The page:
There's something oddly loveable about Avram Grant. While he seems as inspirational as a toilet brush, he no doubt cares deeply about the game of football, and each club he has managed, he manages to attract some degree of sympathy.
At Chelsea he without doubt did quite a good job, coming so close to winning the one trophy that eluded Mourinho, and Abramovich's treatment of him was not something to be proud of.. At Portsmouth he inherited a club that was falling apart on and off the pitch. It would be inaccurate to say that the 9 point deduction relegated them, as they were still 7 points short of safety, but he at least got the team playing well, albeit not getting the results they deserved. There aren't many Portsmouth fans who will have bad words to say about Grant, who has always carried himself with more dignity than some of his bosses over the years..
At West Ham, there is no doubt that he has made mistakes. An overly conservative style of play in the early weeks of the season, while still somehow leaking goals, put him on the back foot straight away. Some may say he has been a dead man walking ever since the first home game of the season, when Bolton inflicted a 3-1 defeat on his new side.
Still, the actions of Gold, Sullivan and the chairman Karen Brady, have left Grant in a surprisingly strong position with the fans. The co-owners promised stability when they took over the club a year ago, and vowed to run the club in a financially responsible way - while still seeming determined to spend big-money wages on whoever the latest available aging striker was.. remember Van Nistelrooy? Failing that, they have managed to stump up the extortionate sum of Wayne Bridge's wages till the end of the season, while managing to fall out with Grant over the botched signing of Steven Sidwell. In Bridge's debut earlier this evening, he was at fault for all 3 Arsenal goals. I would be very surprised if Avram Grant has any say in that deal.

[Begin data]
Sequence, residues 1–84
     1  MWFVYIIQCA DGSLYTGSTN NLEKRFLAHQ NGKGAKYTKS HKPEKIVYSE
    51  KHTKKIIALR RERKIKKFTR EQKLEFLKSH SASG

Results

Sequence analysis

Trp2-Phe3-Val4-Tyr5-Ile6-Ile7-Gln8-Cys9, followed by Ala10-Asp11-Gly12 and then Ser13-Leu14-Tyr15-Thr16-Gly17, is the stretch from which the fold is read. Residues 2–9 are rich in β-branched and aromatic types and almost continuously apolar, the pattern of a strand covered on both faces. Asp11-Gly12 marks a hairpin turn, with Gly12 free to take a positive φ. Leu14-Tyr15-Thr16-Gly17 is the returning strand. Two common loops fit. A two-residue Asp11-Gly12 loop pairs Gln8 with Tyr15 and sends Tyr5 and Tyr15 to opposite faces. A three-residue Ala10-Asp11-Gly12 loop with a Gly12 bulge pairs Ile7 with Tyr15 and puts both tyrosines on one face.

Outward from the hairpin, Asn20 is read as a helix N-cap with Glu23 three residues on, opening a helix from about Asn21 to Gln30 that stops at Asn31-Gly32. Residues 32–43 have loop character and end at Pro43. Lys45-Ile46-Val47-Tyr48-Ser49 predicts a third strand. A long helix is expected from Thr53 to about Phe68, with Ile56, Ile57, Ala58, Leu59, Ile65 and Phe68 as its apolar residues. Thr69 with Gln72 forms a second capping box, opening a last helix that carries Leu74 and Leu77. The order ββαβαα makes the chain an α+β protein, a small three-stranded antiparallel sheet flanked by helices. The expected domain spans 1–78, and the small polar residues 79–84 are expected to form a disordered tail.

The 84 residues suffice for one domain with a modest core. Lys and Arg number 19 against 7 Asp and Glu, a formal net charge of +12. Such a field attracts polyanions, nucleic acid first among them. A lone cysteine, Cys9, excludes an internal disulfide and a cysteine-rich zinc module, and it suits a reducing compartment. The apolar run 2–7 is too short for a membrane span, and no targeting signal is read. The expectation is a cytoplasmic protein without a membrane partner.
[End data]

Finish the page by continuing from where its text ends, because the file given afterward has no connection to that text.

Speaking of surprise, I'm sure Grant was feeling that emotion very strongly this morning, when reading that he was about to be replaced by Martin O'Neill. Someone is massively at fault here, whether that is the West Ham board for letting private negotiations become public, or the BBC for publishing a false story. Either way, the deafening silence at board level is unforgivable. With no one knowing where Grant stood, that cannot have had a great effect on West Ham's performance during the 3-0 defeat to Arsenal, and the team certainly looked drained.
Bar their 5-0 drubbing at the hands of Newcastle, West Ham have picked up their form drastically over the last month, ever since that first disgraceful three-game ultimatum was allegedly issued. I watched their 2-1 victory over Birmingham in the Carling Cup, and the players gave a solid display, clearly behind their embattled manager. There were certainly no chants of 'Grant Out', even when the team was behind.
The bottom line is, there is no one team being cast adrift this season. Only five points separate West Ham at the bottom from Everton in 12th. They have momentum, or at least they did, before the board decided to play their mind games. Three wins in a row, and West Ham would be in relative mid-table comfort. While there are no arguments that Martin O'Neill is a better manager than Avram Grant, right now West Ham's owners do not deserve a manager of any calibre. If this season is destined for relegation, then they certainly take the greatest share of the blame.
As for Grant, well does anyone really know what quality of a manager he is? If, as expected, he is relieved of his duties, I would like to see a Championship side take a chance on him, to see if he has what it takes to get a team promoted. If anyone deserves something on his CV, through pure persistence against the odds, it is Avram.